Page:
Lectio Divina helped me enormously to slow down and take time for the reading of the text. Having grown up with a very literal understanding of the bible, all I had ever approached scripture with had been logic, the mind, and no other part of me – neither my experience nor my feelings nor my imagination. None of these had a place in the world view that I had been taught. What I felt had never been important in any way. And here I was, faced with the completely new thought that my experience and my feelings and my self were exactly that – important. Essential, in Ignatius’ view, to connecting me to the living God. It turned my world upside down – into a rather more liveable shape.

The other way of praying Ignatius suggests in his “Spiritual Exercises”, Contemplation, is “a prayer form in which one uses his or her senses in an imaginative way to reflect on a Gospel passage. One uses the senses, seeing, hearing, tasting, touching, and smelling to make the Gospel scene real and alive.”

What better way to do that than in writing… I found that in writing the biblical narrative in my own words, in a more extensive and descriptive way, I often discovered a deeper access into the story, a much greater realisation of its impact and meaning. And we cannot write in a way that is not personal, this discovery always correlates with accessing a deeper level of truth about myself and my own experience. To write these gospel stories in our own words, in our own ways, reveals their relevance and significance to us.

I would like to share this experience with you, and I invite you to try it for yourself:

In the following posts, I will write about my writing – about praying with my imagination and experience, with poetry, with words that are alive and drawn from an imagined, prayerful experience of a gospel narrative.

Maybe you have tried it before, maybe this is as new to you as it was to me a few years ago. It’s definitely best learned by experience – so try it out:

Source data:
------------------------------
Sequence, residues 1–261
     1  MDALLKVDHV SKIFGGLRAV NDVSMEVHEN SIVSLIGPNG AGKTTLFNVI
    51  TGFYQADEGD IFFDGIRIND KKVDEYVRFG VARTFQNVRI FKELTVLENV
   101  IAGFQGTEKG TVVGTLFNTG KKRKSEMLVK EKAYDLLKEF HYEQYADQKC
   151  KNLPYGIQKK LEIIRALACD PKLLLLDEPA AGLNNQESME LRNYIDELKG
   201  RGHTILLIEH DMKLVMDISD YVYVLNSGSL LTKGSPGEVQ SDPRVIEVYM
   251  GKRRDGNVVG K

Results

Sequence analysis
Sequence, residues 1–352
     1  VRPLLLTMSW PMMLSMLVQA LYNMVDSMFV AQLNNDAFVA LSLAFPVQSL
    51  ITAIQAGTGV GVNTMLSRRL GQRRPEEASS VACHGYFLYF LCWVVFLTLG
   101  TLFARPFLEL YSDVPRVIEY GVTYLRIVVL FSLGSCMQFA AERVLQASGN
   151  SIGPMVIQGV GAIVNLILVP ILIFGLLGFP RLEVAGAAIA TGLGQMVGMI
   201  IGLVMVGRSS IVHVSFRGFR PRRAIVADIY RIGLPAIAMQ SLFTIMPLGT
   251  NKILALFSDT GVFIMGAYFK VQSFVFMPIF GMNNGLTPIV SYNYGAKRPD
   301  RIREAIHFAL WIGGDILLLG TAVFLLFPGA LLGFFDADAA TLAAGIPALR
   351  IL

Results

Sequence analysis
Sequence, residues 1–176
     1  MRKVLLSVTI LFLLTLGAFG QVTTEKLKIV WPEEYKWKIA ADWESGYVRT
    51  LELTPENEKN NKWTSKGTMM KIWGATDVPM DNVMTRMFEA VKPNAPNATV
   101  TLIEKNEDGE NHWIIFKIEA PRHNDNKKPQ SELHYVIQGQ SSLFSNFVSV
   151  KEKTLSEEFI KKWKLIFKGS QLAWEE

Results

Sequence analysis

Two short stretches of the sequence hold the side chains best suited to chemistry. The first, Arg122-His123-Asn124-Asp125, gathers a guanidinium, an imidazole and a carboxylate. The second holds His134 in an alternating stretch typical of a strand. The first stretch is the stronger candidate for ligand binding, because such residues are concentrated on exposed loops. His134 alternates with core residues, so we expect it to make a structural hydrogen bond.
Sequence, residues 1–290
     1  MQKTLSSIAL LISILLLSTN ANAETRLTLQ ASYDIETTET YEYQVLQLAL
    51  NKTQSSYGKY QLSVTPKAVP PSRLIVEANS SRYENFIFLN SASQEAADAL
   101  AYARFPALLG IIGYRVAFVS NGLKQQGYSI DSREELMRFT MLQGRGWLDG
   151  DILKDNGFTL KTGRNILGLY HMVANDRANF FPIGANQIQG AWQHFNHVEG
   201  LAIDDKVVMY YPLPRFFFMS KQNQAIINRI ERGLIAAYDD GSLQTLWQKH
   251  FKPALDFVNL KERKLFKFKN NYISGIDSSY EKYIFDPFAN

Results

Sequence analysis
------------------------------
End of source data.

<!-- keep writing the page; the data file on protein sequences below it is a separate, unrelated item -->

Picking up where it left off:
Choose a text, maybe a gospel narrative to begin with. (For this and the upcoming posts, I will use John 9 for my examples.)

When you begin, I suggest you first find a quiet space and a little undisturbed time. Have a bible, pen and paper at hand.

Now take a moment to become still.

Maybe begin with a short prayer, or just let yourself become aware of God’s presence. Then read the text you chose.

Then read it again, slowly.

Read it aloud.

Write it out in longhand.

(Yes – the whole of it. Don’t type it. Writing by hand involves your senses, it’s slower; you process every word more deeply.)

Return to the text daily for several days. Maybe start reading it on Sunday evening, and then return to it every day until the weekend. Let it sink into you, let yourself sink into the text. Just keep it around, near you. Leave the bible open. Leave the longhand copy on your desk. Re-read it online in-between work things. Let your mind take it in, let it be the background to your week, without analysis. Read it, slowly, every day. Make a few minutes time for it, every day.

(For the next step – follow on to the post called “Prayer and Creative Writing II”. And keep reading in the meantime!)

More information other aspects of Ignatian spirituality can be found here.

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5 Responses to Prayer and Creative Writing I – Discovery, Tradition and Invitation

  1. Pingback: Prayer and Creative Writing II – Imagination and Response. Story. | One Blessed Fool's Way to Happiness

  2. Pingback: Prayer and Creative Writing III – Prayer as Poetry, Poetry as Prayer. | One Blessed Fool's Way to Happiness

  3. Pingback: Prayer and Creative Writing III – Prayer as Poetry, Poetry as Prayer. | One Blessed Fool's Way to Happiness

  4. cherylfoston says:

    It is obvious you were meant to write.